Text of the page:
In a December 17 opinion piece titled Zoning reform must consider the character of each town, Alexis Harrison of Fairfield argued in opposition to HB 5132, a invoice that might reform zoning legal guidelines within the state. This was not her first opinion piece within the Mirror objecting to zoning reform and housing growth. On September 4 she wrote in opposition to proposed developments in Fairfield, blaming state regulation 8-30g and warning about dire penalties if HB 5132 handed sooner or later. In these articles she argued that zoning reform in Connecticut should be stymied with a view to:
- preserve native wetlands and the surroundings, and
- defeat density and forestall “massive, monstrous developments”
- protect “neighborhood character”
- keep native management over land
As Katherine Levine Einstein specified by her e book Neighborhood Defenders: Participatory Politics and America’s Housing Crisis, these are widespread arguments in opposition to constructing extra houses, however they need to not cease us. We want a bigger, various providing of market-rate and inexpensive houses in each neighborhood Connecticut, ideally in walkable, transit-friendly locations.
Earlier than objecting to her arguments, let me say that I respect Harrison’s civic engagement and desire to preserve her town. As a historical past trainer and avid hiker, I additionally love Connecticut’s historic buildings and climbing locations. Nonetheless, housing advocates will not be proposing to bulldoze Fairfield’s outdated city inexperienced, nor are they suggesting changing Sleeping Large with a collection of condominiums. As an alternative, they’re proposing incremental development in all of our cities and cities. If we construct extra housing in all communities –and never simply “inexpensive housing”– will assist develop our financial system, develop house possession alternatives, and scale back racial and socioeconomic segregation.
Let’s handle her arguments so as, beginning along with her issues concerning the surroundings and native wetlands. In her December 17 piece Ms. Harrison wrote “As an area environmentalist… I’ve seen the worth of when native residents make choices on their land and wetlands.” This appears suspect. How many people are consultants about our native wetlands and their impacts on the ecosystem? Even when we take her declare at face worth, subsection 10 in HB 5132 particularly requires housing developments to think about the impression on the state’s ecosystem and the habitat of Lengthy Island Sound particularly. The invoice additionally goes additional and encourages and incentivizes “energy-efficient patterns of growth, using photo voltaic and different renewable types of vitality, and vitality conservation.” Denser, multifamily developments could assist scale back carbon footprints and struggle local weather change. It’s exhausting to see how the invoice represents an assault on the surroundings.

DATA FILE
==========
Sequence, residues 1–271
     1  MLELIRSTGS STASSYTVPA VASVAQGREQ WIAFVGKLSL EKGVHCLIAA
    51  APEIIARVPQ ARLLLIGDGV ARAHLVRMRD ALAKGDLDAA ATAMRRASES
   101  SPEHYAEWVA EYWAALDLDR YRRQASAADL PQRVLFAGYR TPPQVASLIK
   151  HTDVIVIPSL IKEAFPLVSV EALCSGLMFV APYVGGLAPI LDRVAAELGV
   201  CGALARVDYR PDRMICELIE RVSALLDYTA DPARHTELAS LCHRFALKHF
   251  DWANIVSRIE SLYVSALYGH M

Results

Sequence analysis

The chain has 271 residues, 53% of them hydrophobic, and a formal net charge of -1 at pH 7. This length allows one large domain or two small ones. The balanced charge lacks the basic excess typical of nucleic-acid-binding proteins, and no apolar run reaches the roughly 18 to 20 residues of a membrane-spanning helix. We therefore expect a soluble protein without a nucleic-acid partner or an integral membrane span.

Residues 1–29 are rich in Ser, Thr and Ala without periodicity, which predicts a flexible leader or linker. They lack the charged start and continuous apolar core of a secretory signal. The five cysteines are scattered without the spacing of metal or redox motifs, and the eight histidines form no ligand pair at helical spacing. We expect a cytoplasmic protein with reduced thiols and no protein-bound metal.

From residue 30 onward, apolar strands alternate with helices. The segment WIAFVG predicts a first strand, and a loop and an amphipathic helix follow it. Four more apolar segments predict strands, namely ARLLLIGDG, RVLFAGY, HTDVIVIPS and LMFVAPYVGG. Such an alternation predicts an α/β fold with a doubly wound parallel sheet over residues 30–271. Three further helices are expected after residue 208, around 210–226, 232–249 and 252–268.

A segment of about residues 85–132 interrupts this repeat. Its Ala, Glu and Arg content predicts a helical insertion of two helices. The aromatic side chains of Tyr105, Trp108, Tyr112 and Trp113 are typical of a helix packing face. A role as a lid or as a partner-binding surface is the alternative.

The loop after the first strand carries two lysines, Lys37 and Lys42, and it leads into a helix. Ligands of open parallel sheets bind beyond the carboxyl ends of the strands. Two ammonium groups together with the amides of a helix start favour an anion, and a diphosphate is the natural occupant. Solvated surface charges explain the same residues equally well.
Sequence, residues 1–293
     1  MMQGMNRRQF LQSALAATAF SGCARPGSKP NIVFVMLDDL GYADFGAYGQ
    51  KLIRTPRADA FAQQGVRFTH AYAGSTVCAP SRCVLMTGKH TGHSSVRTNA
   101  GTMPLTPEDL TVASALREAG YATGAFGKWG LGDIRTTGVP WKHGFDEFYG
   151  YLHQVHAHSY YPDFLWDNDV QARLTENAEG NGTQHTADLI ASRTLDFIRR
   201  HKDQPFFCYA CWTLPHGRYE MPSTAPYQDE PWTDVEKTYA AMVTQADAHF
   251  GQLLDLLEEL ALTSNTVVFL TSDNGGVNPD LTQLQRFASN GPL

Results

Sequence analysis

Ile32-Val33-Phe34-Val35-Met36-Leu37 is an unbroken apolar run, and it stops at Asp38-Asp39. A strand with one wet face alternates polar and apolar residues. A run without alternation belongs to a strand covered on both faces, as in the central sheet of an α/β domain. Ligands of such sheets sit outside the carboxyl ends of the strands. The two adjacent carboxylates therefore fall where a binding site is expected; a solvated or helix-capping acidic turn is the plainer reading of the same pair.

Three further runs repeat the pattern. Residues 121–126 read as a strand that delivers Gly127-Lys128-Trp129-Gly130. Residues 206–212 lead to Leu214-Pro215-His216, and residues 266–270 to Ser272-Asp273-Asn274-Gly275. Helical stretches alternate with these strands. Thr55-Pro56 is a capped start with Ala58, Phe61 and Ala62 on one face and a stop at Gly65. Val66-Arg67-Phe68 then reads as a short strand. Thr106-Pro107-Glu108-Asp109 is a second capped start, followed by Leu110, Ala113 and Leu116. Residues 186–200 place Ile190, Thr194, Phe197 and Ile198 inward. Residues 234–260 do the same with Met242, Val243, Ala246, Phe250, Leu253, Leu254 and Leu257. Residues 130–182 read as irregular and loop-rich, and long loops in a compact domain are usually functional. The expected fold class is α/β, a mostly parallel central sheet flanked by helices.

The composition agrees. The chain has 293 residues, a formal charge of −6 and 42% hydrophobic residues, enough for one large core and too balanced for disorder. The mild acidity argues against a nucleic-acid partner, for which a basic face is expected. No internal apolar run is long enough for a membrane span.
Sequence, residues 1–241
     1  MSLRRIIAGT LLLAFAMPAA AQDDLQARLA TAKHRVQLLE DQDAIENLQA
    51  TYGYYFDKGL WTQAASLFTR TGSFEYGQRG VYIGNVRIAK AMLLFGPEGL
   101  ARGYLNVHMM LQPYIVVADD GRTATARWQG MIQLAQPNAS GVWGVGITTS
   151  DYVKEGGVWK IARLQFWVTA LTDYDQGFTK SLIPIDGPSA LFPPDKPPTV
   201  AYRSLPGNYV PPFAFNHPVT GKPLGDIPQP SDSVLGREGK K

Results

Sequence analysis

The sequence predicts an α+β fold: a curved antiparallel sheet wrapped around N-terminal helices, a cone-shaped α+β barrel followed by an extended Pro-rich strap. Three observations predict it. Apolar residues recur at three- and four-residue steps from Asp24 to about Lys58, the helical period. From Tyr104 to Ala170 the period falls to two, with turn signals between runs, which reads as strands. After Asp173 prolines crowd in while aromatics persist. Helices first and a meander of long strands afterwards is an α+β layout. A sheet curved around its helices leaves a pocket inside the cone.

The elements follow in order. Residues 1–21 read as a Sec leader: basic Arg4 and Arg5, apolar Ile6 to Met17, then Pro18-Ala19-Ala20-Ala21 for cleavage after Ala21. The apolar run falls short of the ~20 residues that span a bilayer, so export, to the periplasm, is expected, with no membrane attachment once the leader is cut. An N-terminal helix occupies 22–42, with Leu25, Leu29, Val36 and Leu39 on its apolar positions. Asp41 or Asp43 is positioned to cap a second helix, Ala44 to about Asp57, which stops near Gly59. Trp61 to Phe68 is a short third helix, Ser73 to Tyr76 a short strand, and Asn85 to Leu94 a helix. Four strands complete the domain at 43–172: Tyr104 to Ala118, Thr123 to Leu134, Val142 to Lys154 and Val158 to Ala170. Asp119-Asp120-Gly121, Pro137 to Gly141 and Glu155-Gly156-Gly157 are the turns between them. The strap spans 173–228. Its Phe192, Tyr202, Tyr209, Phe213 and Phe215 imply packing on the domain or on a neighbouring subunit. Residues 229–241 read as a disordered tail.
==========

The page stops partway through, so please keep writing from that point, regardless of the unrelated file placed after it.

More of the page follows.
Her different claims revolved round fears about density and neighborhood character. In her September 4 piece she known as out two particular proposals in Fairfield, one at 15-21 Beacon View Drive and the opposite at 980 Excessive Road, terming them “massive” and “monstrous.” Each of those initiatives contain buildings that can be three tales tall and include 60 models mixed—hardly monstrous density.
When it comes to neighborhood character, each developments could be roughly a half mile (or 10 minute stroll) from Fairfield’s Blackrock Turnpike business district, a logical place for moderately-sized residences. Certainly, if individuals object to residences being constructed there, in a metropolis of 62,000, it’s exhausting to think about the place they might approve them.
And talking of neighborhood character, we all know that the neighborhoods individuals stay in have an unlimited impression on their future (see Harvard’s Opportunity Atlas). Constructing extra homes in a profitable, opportunity-rich place like Fairfield will assist develop the state’s financial system and supply extra probabilities for kids of all races, ethnicities, and SES to succeed.
Finally, Harrison desires to keep up native management over land-use within the state, however that’s precisely the issue. The advantages of constructing extra housing models are diffuse, whereas the prices are concentrated. I empathize with property homeowners who by no means need their neighborhoods to alter, however native management over housing has Connecticut caught in a vice: unattainable housing costs, excessive property taxes, and a rising price range however shrinking inhabitants. Solely state-level, structural reforms can handle these dynamics.
It is a nice state. We’ve got a remarkably educated workforce, stunning shoreline, and prepared entry to the tradition and jobs of Boston and New York Metropolis –however we have to develop. In her December 17 article, Harrison gestured to a “myriad of inventive options to attain the aim of increasing housing variety whereas retaining native management.” Zoning reforms like HB 5132 are the product of such pondering: makes an attempt to stability the necessity for extra development with sufficient native protections to keep away from a repeat of the city renewal period. Regardless of how honest her arguments, Harrison’s need to freeze our state’s constructed surroundings within the current is stopping Connecticut from making a extra dynamic and simply financial future.
Thomas Broderick lives in Trumbull.
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